Any modern organization has technology at its core. Most organisations depend on email, shared calendars, shared files and increasingly social media.
The pace of technological change is breath-taking and the impacts are global. Business owners constantly need to revisit their basic approaches to business operations, and this has only accelerated with the Internet.
Being aware of the implications of technological choices is important for any ethical business.
Recognize the rights of your staff to their privacy. Increasingly it is possible to monitor your staff’s activity. Bring Your Own Device (BYOD) policies make it easier for staff to do their work from home, but also inevitably means staff will be using the device at work for personal use.
Do you use any monitoring tools that track the behaviours of your staff? Are they aware of this?
Do you monitor your staff’s Social Media profiles? Do you look at the Social Media profiles of prospective employees?
New technology has almost always reduced the number of jobs required to get a task done. The introduction of computers accelerated this, and has also opened up new opportunities.
What automation processes are you adopting in your organization? Are there means to improve service quality by adding automation rather than replacing staff?
How do you support your team through these inevitable transitions?
All technological advancement is ultimately “standing on the shoulders of giants”. Technological leaps like the Internet would only have been possible with a commitment to an open web. Consider contributing to public knowledge, particularly if the advancement isn’t a core competitive advantage for your business.
Many lives were saved because the way to manufacture penicillin was shared, not patented.
When looking at our own innovation, where do we provide credit to those whose ideas have influenced us?
What is it right to own, and profit from? What should be contributed back to the commons?
How will other lives be affected by your choice to share this technology?
Technology has offered a huge opportunity for people with disabilities to be able to engage effectively in social, economic and political life. Unfortunately, the implementation of user interfaces often provides a barrier with which 10-20% of the population has trouble using. By not proactively thinking about accessibility when making technology choices we are excluding a big portion of the population. The abilities of your existing staff may also change with aging, disease or injury.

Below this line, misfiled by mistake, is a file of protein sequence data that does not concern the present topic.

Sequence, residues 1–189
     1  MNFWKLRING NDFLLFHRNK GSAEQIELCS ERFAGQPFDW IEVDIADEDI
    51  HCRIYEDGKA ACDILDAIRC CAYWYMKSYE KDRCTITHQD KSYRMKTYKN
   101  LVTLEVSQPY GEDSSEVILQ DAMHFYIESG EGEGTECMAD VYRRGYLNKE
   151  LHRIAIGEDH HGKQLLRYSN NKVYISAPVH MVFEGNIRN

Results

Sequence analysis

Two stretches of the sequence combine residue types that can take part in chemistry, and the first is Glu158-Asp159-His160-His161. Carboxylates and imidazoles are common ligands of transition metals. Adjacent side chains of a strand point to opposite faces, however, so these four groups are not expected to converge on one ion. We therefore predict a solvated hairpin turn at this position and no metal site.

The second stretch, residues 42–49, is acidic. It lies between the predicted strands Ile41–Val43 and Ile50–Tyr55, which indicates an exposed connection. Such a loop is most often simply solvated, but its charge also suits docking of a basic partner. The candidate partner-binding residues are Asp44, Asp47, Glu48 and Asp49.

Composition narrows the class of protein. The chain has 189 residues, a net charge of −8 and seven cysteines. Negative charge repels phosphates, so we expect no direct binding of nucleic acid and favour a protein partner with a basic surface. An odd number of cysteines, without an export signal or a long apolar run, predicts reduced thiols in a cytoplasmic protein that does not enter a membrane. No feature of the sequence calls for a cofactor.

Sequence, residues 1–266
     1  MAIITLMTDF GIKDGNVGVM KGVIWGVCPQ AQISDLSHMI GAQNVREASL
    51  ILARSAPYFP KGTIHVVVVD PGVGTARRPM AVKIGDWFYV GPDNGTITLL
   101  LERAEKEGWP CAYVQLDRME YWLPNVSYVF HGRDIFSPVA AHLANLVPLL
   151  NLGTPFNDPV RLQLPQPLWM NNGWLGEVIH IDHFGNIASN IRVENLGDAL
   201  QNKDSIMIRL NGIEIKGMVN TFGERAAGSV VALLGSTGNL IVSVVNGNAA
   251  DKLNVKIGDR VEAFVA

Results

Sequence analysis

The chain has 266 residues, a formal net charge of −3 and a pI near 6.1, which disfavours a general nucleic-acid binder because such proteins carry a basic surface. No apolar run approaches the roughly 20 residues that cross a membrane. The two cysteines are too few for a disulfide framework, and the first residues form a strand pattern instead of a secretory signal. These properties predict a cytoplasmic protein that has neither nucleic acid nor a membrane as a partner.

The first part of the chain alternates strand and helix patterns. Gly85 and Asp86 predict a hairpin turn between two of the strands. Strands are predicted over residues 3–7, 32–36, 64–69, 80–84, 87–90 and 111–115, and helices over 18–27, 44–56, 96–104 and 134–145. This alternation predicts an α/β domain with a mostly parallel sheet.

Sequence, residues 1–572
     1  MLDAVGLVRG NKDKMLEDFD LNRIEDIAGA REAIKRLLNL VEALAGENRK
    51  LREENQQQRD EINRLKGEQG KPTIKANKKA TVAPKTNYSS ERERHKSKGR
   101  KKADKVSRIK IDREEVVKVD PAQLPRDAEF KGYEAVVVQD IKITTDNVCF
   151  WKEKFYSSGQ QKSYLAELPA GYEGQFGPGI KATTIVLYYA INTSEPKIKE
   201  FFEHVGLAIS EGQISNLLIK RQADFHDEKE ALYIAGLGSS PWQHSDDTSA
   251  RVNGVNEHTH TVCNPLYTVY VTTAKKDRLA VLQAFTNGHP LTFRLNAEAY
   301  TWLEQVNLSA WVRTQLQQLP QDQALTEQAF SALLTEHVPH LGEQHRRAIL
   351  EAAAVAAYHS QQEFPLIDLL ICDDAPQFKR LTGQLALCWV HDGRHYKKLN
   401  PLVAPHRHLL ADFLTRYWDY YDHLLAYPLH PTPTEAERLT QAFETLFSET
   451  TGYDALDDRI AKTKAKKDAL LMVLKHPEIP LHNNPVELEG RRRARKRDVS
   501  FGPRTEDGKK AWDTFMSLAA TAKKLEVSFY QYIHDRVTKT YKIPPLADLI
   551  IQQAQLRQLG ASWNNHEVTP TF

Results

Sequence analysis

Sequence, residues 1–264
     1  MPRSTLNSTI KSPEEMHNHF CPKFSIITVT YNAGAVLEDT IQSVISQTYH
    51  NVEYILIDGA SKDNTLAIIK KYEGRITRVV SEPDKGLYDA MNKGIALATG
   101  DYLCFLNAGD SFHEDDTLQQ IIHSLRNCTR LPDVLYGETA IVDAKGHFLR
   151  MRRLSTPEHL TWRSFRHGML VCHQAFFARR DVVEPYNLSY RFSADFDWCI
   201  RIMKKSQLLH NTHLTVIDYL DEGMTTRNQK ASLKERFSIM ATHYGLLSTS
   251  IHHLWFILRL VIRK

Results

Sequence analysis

Have you adopted standards like Web Content Accessibility Guidelines for your public and internal interfaces?
Do you have an accessibility policy? Does that apply to your procurement decisions?
Security is important for the privacy of your staff and clients. It is also important for supporting common infrastructure and reliability. Insecure technology has been used to sabotage organizations, blackmail individuals and organizations.
What policies have you set up to ensure that your technology is kept up to date with the latest security releases?
Is someone in your organization responsible for looking into your IT security and address issues as they come up?
If you supply software:
Do you accept responsibility for all the flaws in it, especially when they may have significant consequences
Is your End User License Agreement (EULA) easily understood by the reader and are its conditions fair to both parties?
It is difficult to have a healthy work/life balance. Some industries push their staff to work 50-60 hours a week. Technology makes it easier for staff to be available around the clock. Several studies have shown that people are healthier and happier if they get away from their devices.
What are the expectations of your staff to respond outside of normal work hours?
Do you encourage your team to unplug and be disconnected from the office and technology?